Soul singer Laura Mvula
Here's a cool song by a new artist, British singer Laura Mvula (nee Douglas). She released her debut album "Sing to the Moon" earlier this month. I decided to do a mini pseudo 'Artist Feature' spot today as I was really intrigued by both the song and the music video since they're both quite different from what (I believe) we've seen in the music industry recently. Give it a look & listen, just to experience something different, soulful and somewhat retro...
For more from her check out the links below - with singles "She", "Like the Morning Dew" and the recently released "That's Alright". Laura was also a guest on the Graham Norton Show, so expect even greater things from her on the horizon as she carves out a niche in the ever more eclectic British music scene...
Image from her official website.
Take a moment to notice the little things... this for instance, is a drop of water, in slow motion...
(reblogging this from theChive.com) - never gets old. (FYI - its a gif. image, so it make take a while to load)
Another "Sci-fi in the here & now" moment
No doubt playing on the fictional comic book anti-hero (or maybe its just coincidence)… It is the future of war for soldiers in the field of battle. It’s an exoskeleton that aids in endurance and strength.
Whilst researching my book, as well as following up on an article I wrote a couple of months ago on “Killer Robots: when sci-fi meets reality today” (click on the "Killer Robots" link in the archives), I stumbled upon this piece on a futuristic exoskeleton by Lockheed Martin (there are competitors). It’s practically a precursor to the full self-actuating body armour you see in many science fiction war stories. ONLY, this is not fiction…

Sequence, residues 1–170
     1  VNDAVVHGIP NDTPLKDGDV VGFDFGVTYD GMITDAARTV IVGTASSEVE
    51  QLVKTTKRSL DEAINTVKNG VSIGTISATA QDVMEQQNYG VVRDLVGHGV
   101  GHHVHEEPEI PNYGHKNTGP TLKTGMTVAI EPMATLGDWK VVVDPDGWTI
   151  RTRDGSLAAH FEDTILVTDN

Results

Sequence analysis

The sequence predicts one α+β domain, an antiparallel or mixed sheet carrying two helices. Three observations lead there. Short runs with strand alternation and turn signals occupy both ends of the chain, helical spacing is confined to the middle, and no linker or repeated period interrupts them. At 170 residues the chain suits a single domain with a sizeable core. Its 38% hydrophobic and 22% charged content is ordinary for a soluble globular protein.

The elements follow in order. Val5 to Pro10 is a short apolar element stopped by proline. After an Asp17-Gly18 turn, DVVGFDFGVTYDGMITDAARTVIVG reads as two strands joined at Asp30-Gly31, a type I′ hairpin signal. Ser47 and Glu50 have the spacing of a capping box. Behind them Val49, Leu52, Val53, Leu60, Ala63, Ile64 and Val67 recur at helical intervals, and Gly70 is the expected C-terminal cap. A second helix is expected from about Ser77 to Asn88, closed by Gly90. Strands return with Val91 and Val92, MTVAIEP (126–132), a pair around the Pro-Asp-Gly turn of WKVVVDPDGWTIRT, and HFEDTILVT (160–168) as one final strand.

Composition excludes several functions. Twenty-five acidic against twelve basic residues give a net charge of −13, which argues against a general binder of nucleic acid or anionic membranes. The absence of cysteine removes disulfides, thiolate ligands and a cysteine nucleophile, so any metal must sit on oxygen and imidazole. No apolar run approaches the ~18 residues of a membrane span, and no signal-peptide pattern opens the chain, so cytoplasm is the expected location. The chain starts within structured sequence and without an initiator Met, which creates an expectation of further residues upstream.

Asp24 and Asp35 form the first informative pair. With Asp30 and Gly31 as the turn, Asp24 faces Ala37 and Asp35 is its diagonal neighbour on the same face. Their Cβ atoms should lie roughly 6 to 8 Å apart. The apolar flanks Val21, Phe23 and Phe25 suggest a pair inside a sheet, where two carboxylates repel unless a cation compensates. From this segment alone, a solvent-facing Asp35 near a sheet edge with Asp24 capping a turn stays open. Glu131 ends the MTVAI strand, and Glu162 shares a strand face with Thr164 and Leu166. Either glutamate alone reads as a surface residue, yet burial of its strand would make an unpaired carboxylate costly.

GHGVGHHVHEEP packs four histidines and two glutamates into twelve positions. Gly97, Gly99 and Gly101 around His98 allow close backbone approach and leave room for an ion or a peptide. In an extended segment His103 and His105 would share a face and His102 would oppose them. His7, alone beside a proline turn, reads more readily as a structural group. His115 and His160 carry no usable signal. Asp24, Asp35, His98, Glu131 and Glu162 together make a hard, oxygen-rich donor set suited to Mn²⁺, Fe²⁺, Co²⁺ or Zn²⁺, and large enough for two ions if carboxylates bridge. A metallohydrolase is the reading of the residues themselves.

For a while the role of the foot soldier has been debated, what with the wave of modern war machines and the video-game-like drones, where pulling a trigger means pressing a button on a hi-tech device in a remote location. However, Special Forces regiments continue to illustrate their effectiveness. All modern covert operations involving the apprehension of a high profile international criminal/terrorist has been carried out by men of unparalleled training. You’ve probably by now heard of SEAL Team 6 and the Osama Bin Laden operation (now the subject of an award winning film), or the Special Forces originals, the SAS… but virtually every country in the world has an elite force that doesn’t get the publicity of the two mentioned here. They’re always small in number and fight odds well out of their favour.
However the HULC (Human Universal Load Carrier) project has been developed to improve the capabilities of soldiers – enabling them to carry bigger loads for longer distances, with the ultimate goal being to eventually develop super soldiers… the journey does not end there though. The HULC exoskeleton may be an external addition to the conventional fighting force, but for a long time, governments have been at work trying to develop the perfect soldier, using any and all methods… including mind control, or hypnosis, specific scientific drug use and anything falling within the realm of mental conditioning.
The latter just so happens to be a facet of my next book.
Here's a look at the Lockheed Martin HULC promotional demo:
It was while researching the topics of mental manipulation, mind control etc that I explored TMS or "Transcranial Magnetic Stimulation". This is literally involves using magnetism to temporarily improve higher brain functions. In the field of neuroscience, it's particular use is targeted, in this instance, at the military, specifically at improving soldiers cognitive resources under duress or extreme fatigue. Apparently some subjects demonstrated "Rain man" type capabilities when under TMS. This is all in the quest to develop the Super soldier, mind you, bringing two concepts together - that of numbing the human brain's responsiveness to stress, effectively making them more like a machine than ever before; begging the question: when does it stop, and at what point do we regard this sort of thing as forfeiting our humanity.